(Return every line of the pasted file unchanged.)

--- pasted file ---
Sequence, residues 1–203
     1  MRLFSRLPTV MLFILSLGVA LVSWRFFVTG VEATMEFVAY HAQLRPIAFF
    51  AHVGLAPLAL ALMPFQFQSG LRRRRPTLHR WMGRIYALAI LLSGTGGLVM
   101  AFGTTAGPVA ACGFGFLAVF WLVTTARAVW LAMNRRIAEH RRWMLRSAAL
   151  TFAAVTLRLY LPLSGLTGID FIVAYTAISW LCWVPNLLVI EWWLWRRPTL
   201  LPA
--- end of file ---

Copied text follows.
Sequence, residues 1–203
     1  MRLFSRLPTV MLFILSLGVA LVSWRFFVTG VEATMEFVAY HAQLRPIAFF
    51  AHVGLAPLAL ALMPFQFQSG LRRRRPTLHR WMGRIYALAI LLSGTGGLVM
   101  AFGTTAGPVA ACGFGFLAVF WLVTTARAVW LAMNRRIAEH RRWMLRSAAL
   151  TFAAVTLRLY LPLSGLTGID FIVAYTAISW LCWVPNLLVI EWWLWRRPTL
   201  LPA